I don't know if it is possible but I want to know if someone connected on your LAN can send a file to you by just knowing your LAN IP addresses. I mean without you putting the computer in listening state at a specific port?
TL;DR: Yes, data can be sent to a non-listening port of your computer, but it's useless. And it can't be done from outside your home/office/swhool/whatever.
There two aspects to this:
Your LAN isn't routed from the Internet. No LAN is. If I tried to send data to a random LAN IP address, like
10.42.17.172, this data wouldn't find its destination because Internet routers would litterally say "Hey, I'm not paid for that!" and put it in the trash. The only way data can be routed to a LAN IP is if that IP is in the same LAN as the sender.
Data sent to a non-listening port is either discarded or explicitely refused. By default, if you send data to a non-listening port, your computer will politely tell you that it doesn't care. Other configurations can have it snob you (like
iptables -P INPUT DROP).
The only way this can cause harm is if an attacker targets a known vulnerability of your OS, regarding to its handling of unwanted incoming IP packets.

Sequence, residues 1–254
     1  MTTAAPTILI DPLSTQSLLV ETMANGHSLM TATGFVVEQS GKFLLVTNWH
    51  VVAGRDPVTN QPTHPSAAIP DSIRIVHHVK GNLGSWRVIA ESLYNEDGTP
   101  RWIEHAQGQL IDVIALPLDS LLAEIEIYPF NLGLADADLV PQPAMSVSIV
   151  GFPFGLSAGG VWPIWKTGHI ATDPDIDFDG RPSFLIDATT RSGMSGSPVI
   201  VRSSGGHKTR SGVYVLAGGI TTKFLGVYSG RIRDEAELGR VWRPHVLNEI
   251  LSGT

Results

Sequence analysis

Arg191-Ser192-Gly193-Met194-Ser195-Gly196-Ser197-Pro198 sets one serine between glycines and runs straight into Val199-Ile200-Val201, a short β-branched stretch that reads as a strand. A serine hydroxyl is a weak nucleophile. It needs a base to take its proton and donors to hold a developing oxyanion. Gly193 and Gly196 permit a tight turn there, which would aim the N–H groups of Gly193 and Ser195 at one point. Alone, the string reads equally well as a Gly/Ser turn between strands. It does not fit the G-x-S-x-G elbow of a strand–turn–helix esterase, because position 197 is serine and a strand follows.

EDIT: As pointed out by Sander Steffman, this is not true for all LANs. I generalized to a LAN what actually applies to the private IP range. A LAN that does not use these IPs will be routed to from the Internet, this is what allows webservers to do their job (they are in the datacenter's LAN, but still reachable from the Internet).
Most of the software on a home computer (like avast! or Firefox) will not actually listen to a port (or only allow connections from the same computer) to access a network resource, and they will use ports randomly attributed by the OS. Sending malicious data this way is harder for a third party, since they will have to impersonate the resource you are communicating with.
Listening ports wait for incoming connections, that can come from anywhere. They are created by sever programs like Apache or SSHD. However, they will only work if the data they receive is the data thjey expect, that is, if I use the correct protocol. If I try to communicate with Apache using the SSH protocol, I won't get anything useful out of it. Well made programs will properly refuse erroneous data.
No, if the computer isn't listening on a port then it will just drop the received packets. You can send as many packets as you want, but the destination computer will just drop and ignore them.
The operating system you're using might enable some software that listens to certain network ports by default, but then the computer is put in a listening state on a specific port. Just not manually by you, but by your OS vendor.